MAGIC will focus on providing middle and high school girls, who are seriously considering studying a STEM (Science, Technology, Engineering, or Mathematics) area, with the knowledge of tools and resources available to help them start down the STEM path successfully. This will be done during the specified mentorship period, with the aid of a female mentor who is already established in a STEM-related career.
Be a world class resource for guiding and assisting young women seriously considering studying one or more Science, Technology, Engineering, Mathematics (STEM) areas.
The number of girls entering the computing and high tech arena is continuing to drop, with women comprising only about 28% of the technology workforce today. Furthermore, the number of girls dropping out from computing/technology, in college, is significant.
This is a serious issue, and recognized as such by many. It is also universally accepted that this shortage of women in technology is not due to a lack of talent, but due to a plethora of discouraging factors that exist in our society today.
While there are many grassroots efforts to address this problem, both as ongoing activities as well as one-time seminars and conferences, information about this strong support is not widely available. Additionally, this support is limited to certain areas in the country and/or certain segments of the population.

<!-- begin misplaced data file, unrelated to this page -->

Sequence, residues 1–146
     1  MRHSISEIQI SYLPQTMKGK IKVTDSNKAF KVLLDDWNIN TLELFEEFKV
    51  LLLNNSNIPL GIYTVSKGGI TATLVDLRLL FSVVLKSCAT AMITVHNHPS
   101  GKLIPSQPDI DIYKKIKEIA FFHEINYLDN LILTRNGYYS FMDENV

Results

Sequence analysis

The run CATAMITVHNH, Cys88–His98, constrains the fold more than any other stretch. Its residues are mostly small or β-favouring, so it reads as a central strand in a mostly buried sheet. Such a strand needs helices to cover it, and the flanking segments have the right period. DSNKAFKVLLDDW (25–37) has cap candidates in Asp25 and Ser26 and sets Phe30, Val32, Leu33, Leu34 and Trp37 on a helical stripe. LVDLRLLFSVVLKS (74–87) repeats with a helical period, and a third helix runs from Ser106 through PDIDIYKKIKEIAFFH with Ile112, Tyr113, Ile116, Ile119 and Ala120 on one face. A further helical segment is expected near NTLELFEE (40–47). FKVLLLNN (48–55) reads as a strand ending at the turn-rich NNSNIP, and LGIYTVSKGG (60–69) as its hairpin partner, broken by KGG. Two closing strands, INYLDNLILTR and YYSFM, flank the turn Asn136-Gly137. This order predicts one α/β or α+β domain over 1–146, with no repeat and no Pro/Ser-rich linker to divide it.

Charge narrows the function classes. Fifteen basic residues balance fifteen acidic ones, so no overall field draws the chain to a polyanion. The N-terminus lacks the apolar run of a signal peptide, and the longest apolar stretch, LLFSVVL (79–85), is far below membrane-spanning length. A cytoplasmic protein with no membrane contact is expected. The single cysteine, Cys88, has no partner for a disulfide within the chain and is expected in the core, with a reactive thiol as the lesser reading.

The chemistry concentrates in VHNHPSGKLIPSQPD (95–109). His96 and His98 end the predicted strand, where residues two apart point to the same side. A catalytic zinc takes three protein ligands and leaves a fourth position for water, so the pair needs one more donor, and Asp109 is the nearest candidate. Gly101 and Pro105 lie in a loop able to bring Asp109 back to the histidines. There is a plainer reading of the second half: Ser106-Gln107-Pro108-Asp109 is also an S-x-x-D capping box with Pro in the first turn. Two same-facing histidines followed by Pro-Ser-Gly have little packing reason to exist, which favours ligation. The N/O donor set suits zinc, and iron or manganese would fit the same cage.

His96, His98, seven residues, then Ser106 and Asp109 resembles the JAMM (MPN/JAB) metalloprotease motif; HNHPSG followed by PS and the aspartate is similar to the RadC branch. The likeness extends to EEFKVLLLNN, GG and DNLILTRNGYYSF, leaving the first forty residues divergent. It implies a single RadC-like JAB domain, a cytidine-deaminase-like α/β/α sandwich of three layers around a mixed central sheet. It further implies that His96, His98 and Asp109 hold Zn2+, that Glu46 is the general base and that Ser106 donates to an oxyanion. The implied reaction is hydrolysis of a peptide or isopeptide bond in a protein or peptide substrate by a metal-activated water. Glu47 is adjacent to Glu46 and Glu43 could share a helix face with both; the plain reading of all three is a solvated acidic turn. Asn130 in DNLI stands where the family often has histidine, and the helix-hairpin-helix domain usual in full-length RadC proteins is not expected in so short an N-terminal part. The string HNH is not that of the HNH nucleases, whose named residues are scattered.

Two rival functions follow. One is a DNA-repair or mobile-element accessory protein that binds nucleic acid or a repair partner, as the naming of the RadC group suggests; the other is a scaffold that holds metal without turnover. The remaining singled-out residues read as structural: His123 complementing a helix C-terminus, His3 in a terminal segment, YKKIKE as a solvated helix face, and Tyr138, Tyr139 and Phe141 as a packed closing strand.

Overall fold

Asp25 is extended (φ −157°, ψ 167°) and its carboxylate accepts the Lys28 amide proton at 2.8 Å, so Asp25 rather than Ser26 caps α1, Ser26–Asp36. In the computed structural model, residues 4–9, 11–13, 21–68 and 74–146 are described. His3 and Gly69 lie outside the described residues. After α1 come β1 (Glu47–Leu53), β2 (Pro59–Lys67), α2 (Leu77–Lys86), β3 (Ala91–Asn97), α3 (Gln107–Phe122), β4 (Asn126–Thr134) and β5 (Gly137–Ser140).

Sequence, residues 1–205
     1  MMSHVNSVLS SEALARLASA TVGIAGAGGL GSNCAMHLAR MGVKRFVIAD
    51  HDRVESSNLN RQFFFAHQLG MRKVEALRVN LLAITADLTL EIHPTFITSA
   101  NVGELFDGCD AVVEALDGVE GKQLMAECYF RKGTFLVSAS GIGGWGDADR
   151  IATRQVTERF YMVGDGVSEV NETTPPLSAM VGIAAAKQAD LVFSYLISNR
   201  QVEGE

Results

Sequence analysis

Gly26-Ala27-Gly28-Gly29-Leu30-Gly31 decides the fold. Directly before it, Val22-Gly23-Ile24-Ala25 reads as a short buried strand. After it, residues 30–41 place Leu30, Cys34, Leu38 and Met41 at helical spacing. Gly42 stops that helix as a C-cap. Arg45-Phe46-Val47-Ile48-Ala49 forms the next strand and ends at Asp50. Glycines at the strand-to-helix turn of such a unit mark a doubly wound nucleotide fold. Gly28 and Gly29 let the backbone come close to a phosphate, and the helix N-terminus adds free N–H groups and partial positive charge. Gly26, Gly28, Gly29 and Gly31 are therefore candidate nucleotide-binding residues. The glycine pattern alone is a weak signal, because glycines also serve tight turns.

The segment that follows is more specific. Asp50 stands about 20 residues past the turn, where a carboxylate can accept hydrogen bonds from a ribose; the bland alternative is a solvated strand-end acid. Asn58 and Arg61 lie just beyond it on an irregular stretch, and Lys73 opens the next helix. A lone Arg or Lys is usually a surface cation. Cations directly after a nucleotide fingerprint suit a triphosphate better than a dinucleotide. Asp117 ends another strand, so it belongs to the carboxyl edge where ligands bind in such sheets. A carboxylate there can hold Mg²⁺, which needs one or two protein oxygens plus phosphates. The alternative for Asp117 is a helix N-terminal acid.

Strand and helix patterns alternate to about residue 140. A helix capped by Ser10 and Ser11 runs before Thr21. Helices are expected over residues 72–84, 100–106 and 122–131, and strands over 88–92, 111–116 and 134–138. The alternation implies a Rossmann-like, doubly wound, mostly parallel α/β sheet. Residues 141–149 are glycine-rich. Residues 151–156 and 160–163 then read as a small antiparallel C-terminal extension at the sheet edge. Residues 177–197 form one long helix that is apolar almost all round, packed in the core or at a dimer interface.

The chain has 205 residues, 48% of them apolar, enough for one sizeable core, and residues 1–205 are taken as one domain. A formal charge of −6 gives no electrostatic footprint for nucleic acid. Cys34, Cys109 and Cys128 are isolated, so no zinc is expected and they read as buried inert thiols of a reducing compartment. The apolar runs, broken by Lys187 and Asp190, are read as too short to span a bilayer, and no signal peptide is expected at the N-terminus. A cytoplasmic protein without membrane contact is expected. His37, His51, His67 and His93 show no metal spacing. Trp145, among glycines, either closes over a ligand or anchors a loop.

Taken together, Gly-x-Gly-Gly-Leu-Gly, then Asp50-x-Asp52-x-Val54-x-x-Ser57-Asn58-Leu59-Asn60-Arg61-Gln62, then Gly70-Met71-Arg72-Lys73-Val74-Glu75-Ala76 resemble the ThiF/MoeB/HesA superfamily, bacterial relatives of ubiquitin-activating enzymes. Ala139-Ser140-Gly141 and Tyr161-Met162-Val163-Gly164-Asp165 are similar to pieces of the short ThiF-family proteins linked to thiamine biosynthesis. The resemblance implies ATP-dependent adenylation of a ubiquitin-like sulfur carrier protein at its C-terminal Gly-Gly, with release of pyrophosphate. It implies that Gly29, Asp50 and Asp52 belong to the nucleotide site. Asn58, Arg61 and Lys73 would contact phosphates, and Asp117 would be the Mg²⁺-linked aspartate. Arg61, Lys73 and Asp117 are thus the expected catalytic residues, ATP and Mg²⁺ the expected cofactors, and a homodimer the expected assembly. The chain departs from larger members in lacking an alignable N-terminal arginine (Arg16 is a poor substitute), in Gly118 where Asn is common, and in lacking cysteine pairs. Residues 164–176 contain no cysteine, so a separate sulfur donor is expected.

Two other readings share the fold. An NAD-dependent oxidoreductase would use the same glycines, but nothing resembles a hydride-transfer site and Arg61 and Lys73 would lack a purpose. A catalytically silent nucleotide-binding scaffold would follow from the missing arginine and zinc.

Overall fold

What is needed is a mentorship program throughout the country, available to everyone. MAGIC (More Active Girls In Computing) aims to be such a program. We believe that we need to start with middle school girls, and foster in them a positive attitude towards computing, since the high school level might be too late.
MAGIC is run by women with careers in technology, for middle and high school girls. Mentorship would be on both technical and personal subjects, including work/life balance, role of girls in our society and how that is changing, how to avoid the technology stereotype, etc.
MAGIC focuses specifically on providing mentorship to middle and high school girls on a nation-wide basis. We strongly believe that a mentorship program dedicated to these girls is necessary to address the problem of decreasing participation of women in the technology workforce today.